[concurrency-interest] Cloning in CachingFactorizer in JavaConcurrency in Practice

David Holmes dcholmes at optusnet.com.au
Wed Jan 23 00:17:01 EST 2008


The immediate receiver is encodeIntoResponse, which is called in the same
thread. We don't know how it does what it does, or what other code gets
involved. Ultimately the array may end up being accessed by another thread,
but the defensive copying is done to protect against the code that can
access the array, not the thread.

Put another way, if we trusted all the code that could access the array,
then given these array contents are immutable once set, there would be no
need for cloning, no matter how many threads were involved.

Cheers,
David Holmes
  -----Original Message-----
  From: Unmesh joshi [mailto:unmesh_joshi at hotmail.com]
  Sent: Wednesday, 23 January 2008 3:10 PM
  To: dholmes at ieee.org; concurrency-interest at cs.oswego.edu
  Subject: RE: [concurrency-interest] Cloning in CachingFactorizer in
JavaConcurrency in Practice



  But isn't that receiver of the array is another thread? So if
encodeIntoResponse can mess up array, there can be concurency issues?


----------------------------------------------------------------------------
    From: dcholmes at optusnet.com.au
    To: unmesh_joshi at hotmail.com; concurrency-interest at cs.oswego.edu
    Subject: RE: [concurrency-interest] Cloning in CachingFactorizer in
JavaConcurrency in Practice
    Date: Wed, 23 Jan 2008 14:40:41 +1000


    The cloning isn't for concurrency reasons but just the usual defensive
copying so that the receiver of the array can't mess with the original
contents.

    Effective Java item 24.

    Cheers,
    David Holmes
      -----Original Message-----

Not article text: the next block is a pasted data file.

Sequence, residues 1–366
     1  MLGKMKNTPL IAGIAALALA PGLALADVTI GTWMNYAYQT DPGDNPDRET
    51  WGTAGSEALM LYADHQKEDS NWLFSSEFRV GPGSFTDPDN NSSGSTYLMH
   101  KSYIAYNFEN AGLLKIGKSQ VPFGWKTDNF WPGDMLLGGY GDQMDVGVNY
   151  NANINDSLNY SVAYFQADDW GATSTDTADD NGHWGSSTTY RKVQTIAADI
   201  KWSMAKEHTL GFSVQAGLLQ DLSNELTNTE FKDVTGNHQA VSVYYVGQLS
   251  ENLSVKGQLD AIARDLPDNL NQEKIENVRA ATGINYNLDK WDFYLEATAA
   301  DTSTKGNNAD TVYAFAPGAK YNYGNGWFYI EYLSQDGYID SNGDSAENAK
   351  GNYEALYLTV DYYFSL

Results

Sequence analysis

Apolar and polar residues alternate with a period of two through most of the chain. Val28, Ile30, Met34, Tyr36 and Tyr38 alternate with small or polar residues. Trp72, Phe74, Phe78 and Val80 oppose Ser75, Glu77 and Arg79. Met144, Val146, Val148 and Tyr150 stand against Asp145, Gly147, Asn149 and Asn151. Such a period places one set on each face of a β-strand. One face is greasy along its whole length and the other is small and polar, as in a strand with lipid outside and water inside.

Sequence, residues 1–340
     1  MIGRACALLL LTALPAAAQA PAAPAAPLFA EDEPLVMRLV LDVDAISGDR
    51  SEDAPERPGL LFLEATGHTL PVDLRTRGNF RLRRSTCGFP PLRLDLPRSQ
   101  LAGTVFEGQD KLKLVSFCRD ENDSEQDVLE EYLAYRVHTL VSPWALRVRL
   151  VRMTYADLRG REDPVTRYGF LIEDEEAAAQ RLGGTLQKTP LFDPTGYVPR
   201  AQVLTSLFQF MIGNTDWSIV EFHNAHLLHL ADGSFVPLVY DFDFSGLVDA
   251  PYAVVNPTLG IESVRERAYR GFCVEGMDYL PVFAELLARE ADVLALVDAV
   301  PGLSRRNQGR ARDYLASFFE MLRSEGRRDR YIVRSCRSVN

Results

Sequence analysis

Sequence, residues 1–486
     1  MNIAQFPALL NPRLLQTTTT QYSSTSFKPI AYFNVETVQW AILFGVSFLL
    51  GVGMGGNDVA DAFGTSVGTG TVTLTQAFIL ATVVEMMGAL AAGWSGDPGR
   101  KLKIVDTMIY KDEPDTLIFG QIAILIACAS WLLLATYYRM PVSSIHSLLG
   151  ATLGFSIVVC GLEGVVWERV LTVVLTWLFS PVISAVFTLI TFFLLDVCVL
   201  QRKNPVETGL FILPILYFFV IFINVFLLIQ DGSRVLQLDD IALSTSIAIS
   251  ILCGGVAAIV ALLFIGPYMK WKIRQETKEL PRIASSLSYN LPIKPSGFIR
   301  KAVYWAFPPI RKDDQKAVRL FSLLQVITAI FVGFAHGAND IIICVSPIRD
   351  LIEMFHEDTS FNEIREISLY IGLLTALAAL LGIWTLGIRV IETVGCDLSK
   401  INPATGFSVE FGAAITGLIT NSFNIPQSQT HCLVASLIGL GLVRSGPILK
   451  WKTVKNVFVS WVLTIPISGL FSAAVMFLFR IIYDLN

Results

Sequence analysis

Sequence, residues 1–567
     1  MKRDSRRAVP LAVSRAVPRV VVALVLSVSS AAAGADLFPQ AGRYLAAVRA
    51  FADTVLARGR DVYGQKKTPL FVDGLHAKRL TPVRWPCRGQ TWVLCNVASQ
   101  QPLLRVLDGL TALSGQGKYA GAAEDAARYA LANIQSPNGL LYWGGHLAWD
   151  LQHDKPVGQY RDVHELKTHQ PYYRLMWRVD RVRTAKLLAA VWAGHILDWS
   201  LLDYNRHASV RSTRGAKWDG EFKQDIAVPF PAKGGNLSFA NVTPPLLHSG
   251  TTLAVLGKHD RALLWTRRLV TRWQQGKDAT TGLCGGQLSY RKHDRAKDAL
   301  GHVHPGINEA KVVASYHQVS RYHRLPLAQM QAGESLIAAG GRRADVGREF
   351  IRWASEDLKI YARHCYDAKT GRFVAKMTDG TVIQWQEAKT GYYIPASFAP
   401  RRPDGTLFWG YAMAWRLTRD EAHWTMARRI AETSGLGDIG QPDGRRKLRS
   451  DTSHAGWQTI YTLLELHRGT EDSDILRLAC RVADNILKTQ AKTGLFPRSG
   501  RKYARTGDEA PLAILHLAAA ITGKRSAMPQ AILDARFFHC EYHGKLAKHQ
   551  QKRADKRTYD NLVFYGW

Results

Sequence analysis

From: concurrency-interest-bounces at cs.oswego.edu
[mailto:concurrency-interest-bounces at cs.oswego.edu]On Behalf Of Unmesh joshi
      Sent: Wednesday, 23 January 2008 2:09 PM
      To: concurrency-interest at cs.oswego.edu
      Subject: [concurrency-interest] Cloning in CachingFactorizer in
JavaConcurrency in Practice


      Hi,

      I just started reading Java Concurrency in practice. In the following
CachingFactorizer example


      BigInteger i = extractFromRequest(req);

      BigInteger[] factors = null;

      synchronized (this) {

      ++hits;

      if (i.equals(lastNumber)) {

      ++cacheHits;

      factors = lastFactors.clone();

      }

      }

      if (factors == null) {

      factors = factor(i);

      synchronized (this) {

      lastNumber = i;

      lastFactors = factors.clone();

      }

      }

      encodeIntoResponse(resp, factors);

      }



      factors and lastFactors are cloned in the synchronized blocks, but
there is no explanation at that point why they are cloned. In the Object
Sharing section, stack confinement is discussed, but using a different
example. I think it will help reader if a note is added at that point saying
that cloning here is for stack confinement, because assignments to factors
or lastfactors is indirectly publishing the array to other thread which can
be processing the array in encodeIntoResponse method.



      Thanks,

      Unmesh



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